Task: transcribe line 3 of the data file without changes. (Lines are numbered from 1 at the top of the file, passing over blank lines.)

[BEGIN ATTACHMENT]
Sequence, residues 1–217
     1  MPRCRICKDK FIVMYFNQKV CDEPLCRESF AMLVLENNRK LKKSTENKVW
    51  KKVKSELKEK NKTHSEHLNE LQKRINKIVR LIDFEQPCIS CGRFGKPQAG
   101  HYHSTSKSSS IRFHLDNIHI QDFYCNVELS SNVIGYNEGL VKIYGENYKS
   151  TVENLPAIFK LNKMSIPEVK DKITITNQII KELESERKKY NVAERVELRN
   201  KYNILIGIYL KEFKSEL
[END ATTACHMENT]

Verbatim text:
    51  KKVKSELKEK NKTHSEHLNE LQKRINKIVR LIDFEQPCIS CGRFGKPQAG